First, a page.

“The justification for the breaches of PA2 both schemes to be only that joint working with Hanson to deliver a PA2 compliant development was AND IS not possible in time consistent with delivery of housing envisaged in the recently adopted District Plan. That argument has fallen apart at each stage – first joint working is being pursued and can deliver a PA2 compliant scheme incorporating the access, an extension to Rickneys Quarry, the Rickneys Quarry extension and Ware Park; second, there is no sterilisation effect on the facts; and there is no timing problem.”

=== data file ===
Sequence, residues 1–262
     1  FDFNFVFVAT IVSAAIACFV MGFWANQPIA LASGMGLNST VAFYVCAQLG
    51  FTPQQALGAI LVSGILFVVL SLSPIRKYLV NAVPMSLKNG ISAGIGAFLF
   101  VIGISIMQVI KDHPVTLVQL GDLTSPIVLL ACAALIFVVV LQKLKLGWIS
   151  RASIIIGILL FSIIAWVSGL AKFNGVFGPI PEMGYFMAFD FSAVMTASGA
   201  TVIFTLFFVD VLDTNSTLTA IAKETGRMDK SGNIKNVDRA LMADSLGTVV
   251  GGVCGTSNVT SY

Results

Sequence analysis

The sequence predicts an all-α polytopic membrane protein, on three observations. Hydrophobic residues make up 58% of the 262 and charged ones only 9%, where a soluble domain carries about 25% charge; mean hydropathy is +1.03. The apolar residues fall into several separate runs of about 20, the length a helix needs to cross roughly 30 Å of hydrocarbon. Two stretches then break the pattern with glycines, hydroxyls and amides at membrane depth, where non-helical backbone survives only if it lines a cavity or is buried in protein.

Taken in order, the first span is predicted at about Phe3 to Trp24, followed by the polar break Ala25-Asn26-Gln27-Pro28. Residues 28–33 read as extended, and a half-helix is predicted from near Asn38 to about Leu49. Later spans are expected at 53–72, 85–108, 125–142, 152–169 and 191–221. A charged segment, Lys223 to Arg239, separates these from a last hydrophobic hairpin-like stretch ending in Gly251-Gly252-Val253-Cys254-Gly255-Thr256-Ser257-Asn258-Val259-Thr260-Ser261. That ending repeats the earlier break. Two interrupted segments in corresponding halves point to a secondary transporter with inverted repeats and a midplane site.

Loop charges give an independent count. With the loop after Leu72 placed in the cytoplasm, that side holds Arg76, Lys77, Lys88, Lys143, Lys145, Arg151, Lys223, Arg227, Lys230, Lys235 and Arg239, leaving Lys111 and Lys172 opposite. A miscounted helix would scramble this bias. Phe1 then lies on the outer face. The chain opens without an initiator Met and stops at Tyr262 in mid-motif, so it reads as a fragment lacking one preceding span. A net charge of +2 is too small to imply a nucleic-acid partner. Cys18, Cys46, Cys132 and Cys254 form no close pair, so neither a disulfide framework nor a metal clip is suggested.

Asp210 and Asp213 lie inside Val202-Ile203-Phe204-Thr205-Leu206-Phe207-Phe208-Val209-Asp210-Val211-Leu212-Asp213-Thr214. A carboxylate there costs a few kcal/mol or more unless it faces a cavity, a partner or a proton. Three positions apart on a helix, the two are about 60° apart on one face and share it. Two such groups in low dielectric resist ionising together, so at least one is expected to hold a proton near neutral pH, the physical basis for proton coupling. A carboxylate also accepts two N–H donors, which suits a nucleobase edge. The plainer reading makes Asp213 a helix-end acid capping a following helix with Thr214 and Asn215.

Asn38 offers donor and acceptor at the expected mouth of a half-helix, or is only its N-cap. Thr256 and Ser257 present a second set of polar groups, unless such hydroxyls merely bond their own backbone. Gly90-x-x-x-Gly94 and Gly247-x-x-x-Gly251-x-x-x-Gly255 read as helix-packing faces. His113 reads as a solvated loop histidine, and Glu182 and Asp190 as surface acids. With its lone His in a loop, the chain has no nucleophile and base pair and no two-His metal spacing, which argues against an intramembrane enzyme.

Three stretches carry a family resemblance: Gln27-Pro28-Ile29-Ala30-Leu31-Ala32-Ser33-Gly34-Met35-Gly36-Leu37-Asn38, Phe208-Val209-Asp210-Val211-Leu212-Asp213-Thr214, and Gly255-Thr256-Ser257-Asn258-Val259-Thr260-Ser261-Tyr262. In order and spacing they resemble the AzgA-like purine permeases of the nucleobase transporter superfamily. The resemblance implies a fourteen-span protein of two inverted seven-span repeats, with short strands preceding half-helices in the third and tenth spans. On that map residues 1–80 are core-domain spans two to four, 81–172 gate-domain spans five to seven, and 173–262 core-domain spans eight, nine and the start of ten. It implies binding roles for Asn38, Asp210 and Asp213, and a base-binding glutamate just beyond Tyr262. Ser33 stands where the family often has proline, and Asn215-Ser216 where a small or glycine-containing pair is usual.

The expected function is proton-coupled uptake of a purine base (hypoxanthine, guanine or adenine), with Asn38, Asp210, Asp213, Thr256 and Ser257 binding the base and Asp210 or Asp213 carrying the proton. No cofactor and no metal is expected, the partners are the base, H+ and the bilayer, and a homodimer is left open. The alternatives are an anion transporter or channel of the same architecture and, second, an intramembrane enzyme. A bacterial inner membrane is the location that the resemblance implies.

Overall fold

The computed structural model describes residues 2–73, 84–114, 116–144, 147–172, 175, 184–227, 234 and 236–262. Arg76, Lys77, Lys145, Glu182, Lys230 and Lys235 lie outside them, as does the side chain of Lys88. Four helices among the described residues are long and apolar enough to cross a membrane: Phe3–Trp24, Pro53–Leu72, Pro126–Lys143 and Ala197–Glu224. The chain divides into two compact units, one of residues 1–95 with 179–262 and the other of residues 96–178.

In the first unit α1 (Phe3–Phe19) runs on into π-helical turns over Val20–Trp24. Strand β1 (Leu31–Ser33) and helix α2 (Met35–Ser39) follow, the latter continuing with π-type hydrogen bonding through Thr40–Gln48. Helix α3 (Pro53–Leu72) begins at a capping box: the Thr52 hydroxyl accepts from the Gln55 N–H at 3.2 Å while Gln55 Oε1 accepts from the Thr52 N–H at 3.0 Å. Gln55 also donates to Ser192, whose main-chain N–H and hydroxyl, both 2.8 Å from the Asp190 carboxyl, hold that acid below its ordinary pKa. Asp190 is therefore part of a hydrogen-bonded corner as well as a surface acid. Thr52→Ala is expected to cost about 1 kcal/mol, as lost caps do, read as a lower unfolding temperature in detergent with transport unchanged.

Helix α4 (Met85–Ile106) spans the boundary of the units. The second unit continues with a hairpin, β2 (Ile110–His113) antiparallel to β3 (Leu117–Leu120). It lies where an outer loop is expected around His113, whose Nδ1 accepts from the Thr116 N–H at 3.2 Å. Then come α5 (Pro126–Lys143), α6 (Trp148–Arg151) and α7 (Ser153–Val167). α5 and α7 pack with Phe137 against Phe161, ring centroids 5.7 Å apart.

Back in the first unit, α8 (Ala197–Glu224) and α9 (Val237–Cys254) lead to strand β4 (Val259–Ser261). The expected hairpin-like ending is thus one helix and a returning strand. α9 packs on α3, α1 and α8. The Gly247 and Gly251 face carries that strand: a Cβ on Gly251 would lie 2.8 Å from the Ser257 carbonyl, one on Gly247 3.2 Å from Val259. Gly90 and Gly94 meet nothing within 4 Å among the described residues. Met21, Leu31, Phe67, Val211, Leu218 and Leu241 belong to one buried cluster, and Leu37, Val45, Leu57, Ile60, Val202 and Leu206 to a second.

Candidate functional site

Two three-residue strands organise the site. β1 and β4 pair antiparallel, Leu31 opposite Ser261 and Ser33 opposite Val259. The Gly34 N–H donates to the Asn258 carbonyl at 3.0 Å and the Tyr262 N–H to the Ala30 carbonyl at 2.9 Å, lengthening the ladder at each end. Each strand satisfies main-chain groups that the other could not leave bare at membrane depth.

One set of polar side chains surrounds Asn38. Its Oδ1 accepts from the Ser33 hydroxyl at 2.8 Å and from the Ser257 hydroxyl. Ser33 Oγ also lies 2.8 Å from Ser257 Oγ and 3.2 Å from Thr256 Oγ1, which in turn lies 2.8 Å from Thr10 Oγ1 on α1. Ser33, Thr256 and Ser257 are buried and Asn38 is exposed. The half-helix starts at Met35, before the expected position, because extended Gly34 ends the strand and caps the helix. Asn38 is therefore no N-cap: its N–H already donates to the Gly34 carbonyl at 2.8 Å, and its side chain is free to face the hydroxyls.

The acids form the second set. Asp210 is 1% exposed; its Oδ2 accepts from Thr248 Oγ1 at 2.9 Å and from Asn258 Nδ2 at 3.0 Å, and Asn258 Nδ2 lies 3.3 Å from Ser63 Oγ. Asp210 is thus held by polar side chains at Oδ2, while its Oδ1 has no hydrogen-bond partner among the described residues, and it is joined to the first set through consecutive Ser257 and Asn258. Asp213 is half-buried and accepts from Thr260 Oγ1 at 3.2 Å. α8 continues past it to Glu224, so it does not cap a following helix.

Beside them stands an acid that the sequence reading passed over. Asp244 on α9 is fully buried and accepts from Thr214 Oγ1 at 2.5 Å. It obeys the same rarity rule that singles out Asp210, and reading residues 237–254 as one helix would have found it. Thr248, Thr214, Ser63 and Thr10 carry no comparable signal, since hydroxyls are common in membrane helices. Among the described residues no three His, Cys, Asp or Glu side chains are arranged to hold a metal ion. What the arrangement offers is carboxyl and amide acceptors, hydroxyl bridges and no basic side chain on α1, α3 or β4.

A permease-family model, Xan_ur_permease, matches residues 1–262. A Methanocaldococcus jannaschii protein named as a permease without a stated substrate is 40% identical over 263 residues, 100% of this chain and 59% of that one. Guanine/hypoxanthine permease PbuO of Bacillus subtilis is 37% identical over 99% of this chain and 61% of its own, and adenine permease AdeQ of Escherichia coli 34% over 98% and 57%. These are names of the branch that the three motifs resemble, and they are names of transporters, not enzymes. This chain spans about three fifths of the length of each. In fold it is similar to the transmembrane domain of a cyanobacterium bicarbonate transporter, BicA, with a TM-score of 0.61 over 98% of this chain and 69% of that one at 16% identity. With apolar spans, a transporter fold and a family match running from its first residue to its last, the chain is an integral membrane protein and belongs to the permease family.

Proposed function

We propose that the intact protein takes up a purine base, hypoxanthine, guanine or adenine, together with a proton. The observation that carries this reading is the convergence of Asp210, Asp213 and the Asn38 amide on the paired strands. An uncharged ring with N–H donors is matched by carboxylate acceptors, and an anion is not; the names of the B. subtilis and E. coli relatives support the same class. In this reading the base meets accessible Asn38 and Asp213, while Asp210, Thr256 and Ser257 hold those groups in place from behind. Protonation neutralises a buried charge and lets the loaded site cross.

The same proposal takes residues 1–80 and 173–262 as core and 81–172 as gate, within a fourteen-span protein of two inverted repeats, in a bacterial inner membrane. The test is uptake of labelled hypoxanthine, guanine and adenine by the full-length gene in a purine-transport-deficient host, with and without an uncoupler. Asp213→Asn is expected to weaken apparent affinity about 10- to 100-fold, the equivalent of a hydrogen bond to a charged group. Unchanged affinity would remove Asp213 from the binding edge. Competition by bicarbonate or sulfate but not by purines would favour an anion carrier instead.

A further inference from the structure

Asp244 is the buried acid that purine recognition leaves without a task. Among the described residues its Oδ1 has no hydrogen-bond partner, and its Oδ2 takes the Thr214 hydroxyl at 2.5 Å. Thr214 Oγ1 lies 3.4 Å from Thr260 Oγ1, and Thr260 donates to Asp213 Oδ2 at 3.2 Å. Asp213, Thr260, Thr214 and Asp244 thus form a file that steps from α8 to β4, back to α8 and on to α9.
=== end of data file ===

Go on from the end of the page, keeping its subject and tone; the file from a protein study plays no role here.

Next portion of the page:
In their closing statement, the Appellant claimed that: “Stop Bengeo Quarry’s concerns on water and health are not shared by statutory experts, The Environment Agency and Director of Public Health. All of the potential harms raised by all parties are temporary and reversible.”
The Government Inspector is expected to make a recommendation to The Secretary Of State later in the year, with a final decision expected in 2019.
Day 10 of the public enquiry started with Mr Symes (representing the Appellant) giving his evidence.
He explained that in his view, requiring the payment of a bond (as a condition of planning approval) is not appropriate in this application as the government does not support bonds – only in exceptional circumstances. He claimed to represent a “good company” which will deliver restoration. This is for landowner and the tenant to legally agree, and the local authorities to monitor.